The Trump administration is quietly moving to allow energy exploration in the Arctic National Wildlife Refuge for the first time in more than 30 years, according to documents obtained by The Washington Post, with a draft rule that would lay the groundwork for drilling.
Congress has sole authority to determine whether oil and gas drilling can take place within the refuge’s 19.6 million acres. But seismic studies represent a necessary first step, and Interior Department officials are modifying a 1980s regulation to permit them.
The effort represents a twist in a political fight that has raged for decades. The remote and vast habitat, which serves as the main calving ground for one of North America’s last large caribou herds and a stop for migrating birds from six continents, has served as a rallying cry for environmentalists and some of Alaska’s native tribes. But state politicians and many Republicans in Washington have pressed to extract the billions of barrels of oil lying beneath the refuge’s coastal plain.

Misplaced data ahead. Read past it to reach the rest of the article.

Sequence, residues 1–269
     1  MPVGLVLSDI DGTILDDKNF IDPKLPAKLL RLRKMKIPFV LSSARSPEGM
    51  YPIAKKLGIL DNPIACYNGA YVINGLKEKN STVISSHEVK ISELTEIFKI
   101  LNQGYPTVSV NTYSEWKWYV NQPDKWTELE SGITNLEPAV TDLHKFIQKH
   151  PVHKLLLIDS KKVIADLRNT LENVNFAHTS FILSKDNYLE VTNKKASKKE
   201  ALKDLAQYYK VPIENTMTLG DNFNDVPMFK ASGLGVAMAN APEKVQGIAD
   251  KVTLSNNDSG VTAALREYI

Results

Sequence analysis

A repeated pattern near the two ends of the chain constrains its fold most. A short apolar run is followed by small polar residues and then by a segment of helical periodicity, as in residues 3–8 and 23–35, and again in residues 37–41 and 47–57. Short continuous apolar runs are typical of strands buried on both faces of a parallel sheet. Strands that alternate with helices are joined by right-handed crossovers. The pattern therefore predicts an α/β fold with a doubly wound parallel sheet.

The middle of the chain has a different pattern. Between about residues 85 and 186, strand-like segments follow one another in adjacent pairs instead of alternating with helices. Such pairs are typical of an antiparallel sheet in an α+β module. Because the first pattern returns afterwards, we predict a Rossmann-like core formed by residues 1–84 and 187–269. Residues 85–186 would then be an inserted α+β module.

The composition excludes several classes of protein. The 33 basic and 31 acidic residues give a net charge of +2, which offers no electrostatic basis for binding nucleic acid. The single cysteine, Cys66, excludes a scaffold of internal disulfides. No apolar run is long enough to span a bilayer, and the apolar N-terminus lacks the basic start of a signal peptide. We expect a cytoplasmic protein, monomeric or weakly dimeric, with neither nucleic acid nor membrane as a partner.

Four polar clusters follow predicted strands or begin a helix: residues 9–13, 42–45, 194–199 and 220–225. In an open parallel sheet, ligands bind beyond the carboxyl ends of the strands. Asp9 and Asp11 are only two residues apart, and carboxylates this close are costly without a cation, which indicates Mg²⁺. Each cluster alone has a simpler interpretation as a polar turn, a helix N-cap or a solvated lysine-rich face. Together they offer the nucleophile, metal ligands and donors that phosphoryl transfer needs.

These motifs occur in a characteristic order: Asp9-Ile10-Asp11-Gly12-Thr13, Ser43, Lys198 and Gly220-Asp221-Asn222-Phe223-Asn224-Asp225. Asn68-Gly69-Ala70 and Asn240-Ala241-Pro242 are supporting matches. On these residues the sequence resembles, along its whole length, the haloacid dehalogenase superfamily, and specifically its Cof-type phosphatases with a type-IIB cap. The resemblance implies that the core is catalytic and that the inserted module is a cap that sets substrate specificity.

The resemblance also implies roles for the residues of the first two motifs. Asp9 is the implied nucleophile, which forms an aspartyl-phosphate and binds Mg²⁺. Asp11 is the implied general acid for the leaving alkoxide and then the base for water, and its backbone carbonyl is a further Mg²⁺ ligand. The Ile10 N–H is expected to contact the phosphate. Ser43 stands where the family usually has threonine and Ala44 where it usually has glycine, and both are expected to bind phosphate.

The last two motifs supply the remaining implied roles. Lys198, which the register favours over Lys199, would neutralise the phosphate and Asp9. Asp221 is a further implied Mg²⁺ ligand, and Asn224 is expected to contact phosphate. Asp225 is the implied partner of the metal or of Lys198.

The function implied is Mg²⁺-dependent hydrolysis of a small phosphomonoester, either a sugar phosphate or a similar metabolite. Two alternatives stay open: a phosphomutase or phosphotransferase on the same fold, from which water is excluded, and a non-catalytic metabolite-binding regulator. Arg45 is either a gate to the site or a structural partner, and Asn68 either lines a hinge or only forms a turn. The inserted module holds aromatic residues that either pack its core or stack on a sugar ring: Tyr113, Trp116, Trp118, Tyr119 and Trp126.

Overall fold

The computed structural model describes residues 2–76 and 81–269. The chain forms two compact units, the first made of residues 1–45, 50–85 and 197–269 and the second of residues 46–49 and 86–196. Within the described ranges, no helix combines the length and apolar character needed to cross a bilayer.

Democrats have managed to block them through votes in the Senate and, in one instance in 1995, by a presidential veto.
In an Aug. 11 memo, U.S. Fish and Wildlife Service acting director James W. Kurth instructed the agency’s Alaska regional director to update a rule that allowed exploratory drilling between Oct. 1, 1984, and May 31, 1986, by striking those calendar constraints.
Doing so would eliminate an obstacle that was the subject of a court battle as recently as two years ago.
“When finalized, the new regulation will allow for applicants to [submit] requests for approval of new exploration plans,” Kurth wrote in the memo.
The Grinch Matthew
Energy & Environment